Tuesday, November 18, 2014

In September 2014, President Barack Obama ordered air strikes to be carried out against Syria. The goal of the air strikes was to weaken the militant group known as the Islamic State of Iraq and Syria (ISIS). The news article, “Islamic State Crisis: What force does international law allow?” by Marc Weller discusses the international legal ramifications of the air strikes that the United States launched against Syria. Before launching the strikes, President Obama did not seek the approval of the United Nations Security Council or the US Congress. The congressional approval is another complicated topic in its own right; however, this article is concerned with the international law behind the attack.

The situation that is currently unfolding in Syria and the Middle East is a complicated matter. In order to understand the situation, it is easiest to start with a basic hypothetical situation to create a simple picture. The variable that are currently active in the Middle East will then be introduced to portray a better picture of what is occurring in Syria.

Consider first the scenario where the US gains intelligence that IS has several major bases in Syria. The US, believing that ISIS poses a significant threat, decides to attack ISIS in Syria. There is no known imminent threat on the United States from ISIS, but there is a potential for a future threat. This type of attack would be a blatant violation of international law and the United Nations Charter. Article 51 of the Charter states that states may only use force for self-defense if an armed attack occurs or if the attack is approved by the UN Security Council. The attack in this situation is a violation of the national sovereignty of Syria. It is important to note due to the crimes of ISIS, such an attack may still be seen as legitimate, even if it is not legal.

The situation is made further complicated by the fact that ISIS is a non-state actor. The United Nations, in wake of the September 11 attacks, have recognized that non-state actors are capable of armed attacks, in the sense of Article 51. Thus, if non-state actors have shown the capability to launch armed attacks, they are also viable targets from a state. ISIS is such a non-state actor currently imposing themselves upon the lands in Syria that border Iraq and parts of Jordan. It is the job of the Syrian government to resolve such matters internally. Unfortunately, it would appear that Syria is unable to handle the situation. Unchecked, ISIS has threatened the border between Syria and Iraq. Iraq, under imminent threat of attack, now has full legal justification under international law to attack ISIS.

At this point, Iraq decided to call on the United States for help in protecting its territory from ISIS. It can then be argued that the US is able to attack Syria because it is assisting in the collective self-defense of Iraq, to use the words from Article 51 of the United Nations Charter. Iraq had written a letter expressly asking for the aid of the United States in protecting its borders. As such, it can be said that the United States was able to launch the attacks in Syria. Additionally, the US invoked its own right of self-defense when the Khorasan group was brought up. Khorasan is a group that is affiliated with Al-Qaeda and is also based in Syria. The US claims that Khorasan does present an imminent threat, unlike ISIS, and was also targeted during the air strikes.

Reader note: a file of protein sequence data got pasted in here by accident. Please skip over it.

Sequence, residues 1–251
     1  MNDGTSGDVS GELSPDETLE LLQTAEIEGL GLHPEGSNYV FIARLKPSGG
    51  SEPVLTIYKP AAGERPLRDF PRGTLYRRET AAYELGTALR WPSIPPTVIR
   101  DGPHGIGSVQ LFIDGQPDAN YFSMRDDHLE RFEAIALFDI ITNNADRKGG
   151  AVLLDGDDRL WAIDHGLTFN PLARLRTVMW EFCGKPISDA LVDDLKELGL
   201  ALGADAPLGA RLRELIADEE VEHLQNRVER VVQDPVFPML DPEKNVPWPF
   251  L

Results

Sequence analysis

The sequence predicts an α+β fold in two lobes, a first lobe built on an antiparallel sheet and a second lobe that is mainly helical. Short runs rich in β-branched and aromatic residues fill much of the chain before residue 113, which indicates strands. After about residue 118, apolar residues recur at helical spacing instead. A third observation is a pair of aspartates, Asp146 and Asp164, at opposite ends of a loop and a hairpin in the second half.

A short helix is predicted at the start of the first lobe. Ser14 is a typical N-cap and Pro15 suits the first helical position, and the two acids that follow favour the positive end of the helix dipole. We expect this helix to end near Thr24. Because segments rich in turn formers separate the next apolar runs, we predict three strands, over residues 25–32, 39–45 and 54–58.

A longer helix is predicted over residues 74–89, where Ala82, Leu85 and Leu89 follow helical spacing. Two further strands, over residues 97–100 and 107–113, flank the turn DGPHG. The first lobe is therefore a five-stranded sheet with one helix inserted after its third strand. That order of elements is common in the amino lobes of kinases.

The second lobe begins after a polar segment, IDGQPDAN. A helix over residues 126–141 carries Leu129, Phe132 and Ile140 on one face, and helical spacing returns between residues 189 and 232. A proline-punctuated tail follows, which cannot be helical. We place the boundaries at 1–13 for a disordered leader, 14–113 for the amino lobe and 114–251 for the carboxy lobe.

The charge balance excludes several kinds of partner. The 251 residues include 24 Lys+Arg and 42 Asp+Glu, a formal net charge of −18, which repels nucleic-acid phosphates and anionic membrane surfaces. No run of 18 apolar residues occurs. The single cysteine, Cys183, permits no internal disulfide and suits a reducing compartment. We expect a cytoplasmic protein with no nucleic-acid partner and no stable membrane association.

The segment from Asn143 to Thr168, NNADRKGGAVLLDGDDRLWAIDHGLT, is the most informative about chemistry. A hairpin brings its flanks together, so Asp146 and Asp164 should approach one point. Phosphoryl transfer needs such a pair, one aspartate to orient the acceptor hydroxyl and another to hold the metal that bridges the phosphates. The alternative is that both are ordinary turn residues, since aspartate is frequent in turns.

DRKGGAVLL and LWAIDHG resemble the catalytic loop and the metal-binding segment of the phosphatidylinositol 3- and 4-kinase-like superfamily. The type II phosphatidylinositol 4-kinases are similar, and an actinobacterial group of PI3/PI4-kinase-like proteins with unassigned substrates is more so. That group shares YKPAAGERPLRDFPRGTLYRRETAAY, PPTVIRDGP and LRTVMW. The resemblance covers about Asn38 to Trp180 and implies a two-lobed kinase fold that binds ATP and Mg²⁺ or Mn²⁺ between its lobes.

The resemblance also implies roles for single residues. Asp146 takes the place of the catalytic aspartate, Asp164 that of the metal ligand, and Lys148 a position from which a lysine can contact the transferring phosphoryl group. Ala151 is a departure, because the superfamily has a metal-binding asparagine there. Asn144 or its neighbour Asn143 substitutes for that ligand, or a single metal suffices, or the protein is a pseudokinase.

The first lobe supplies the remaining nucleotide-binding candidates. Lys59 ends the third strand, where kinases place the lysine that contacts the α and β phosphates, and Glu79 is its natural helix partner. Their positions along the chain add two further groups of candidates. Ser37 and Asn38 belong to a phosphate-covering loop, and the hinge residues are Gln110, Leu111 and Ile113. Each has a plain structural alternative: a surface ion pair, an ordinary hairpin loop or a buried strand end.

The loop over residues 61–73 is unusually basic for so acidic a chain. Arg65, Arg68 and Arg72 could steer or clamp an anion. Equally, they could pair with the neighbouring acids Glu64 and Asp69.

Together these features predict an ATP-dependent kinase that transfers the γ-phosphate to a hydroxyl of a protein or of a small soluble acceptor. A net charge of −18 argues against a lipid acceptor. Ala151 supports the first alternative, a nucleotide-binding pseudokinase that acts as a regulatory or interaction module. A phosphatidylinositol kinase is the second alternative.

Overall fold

Another argument can be made that the US strikes were legal due to the crimes against humanity that were committed by ISIS on Syrian soil. Syria has an obligation to protect its people from such crimes committed on its own territory. However, as mentioned previously, Syria has been unable to resolve the situation on its own. As a result, it is possible that international intervention can be taken to stop said crimes against humanity. While there have been other cases of forcible humanitarian action, they have all had the legal cover of a United Nations mandate, which this attack does not.

The legality of the United States air strikes in Syria is questionable on two areas of law. The first being the ability of the president to launch attacks without approval from Congress. The second is the international law concerning the bombings in Syria. The international law relevant to the situation is difficult and is made more so by extenuating circumstances. Iraq’s call for aid and the inability of Syria to resolve the ISIS situation in their own borders contributes to the argument that the United States does have justification for the air strikes.

Reference article:

Monday, November 10, 2014

Drone Strikes in Pakistan: Ten Years and Counting

According to the research conducted by the Bureau of Investigative Journalism, only 12% of the victims of US drone strikes in Pakistan have been militants.  The Bureau has been compiling data for over a year on those killed in CIA strikes for their project “Naming the Dead.”  The project focuses on identifying the deceased dating back to when the attacks began and mapping their connections to determine whether ties to terrorist acts and/or groups exist.  The Bureau’s sources include “both Pakistani government records leaked to the Bureau, and hundreds of open source reports in English, Pashtun and Urdu.”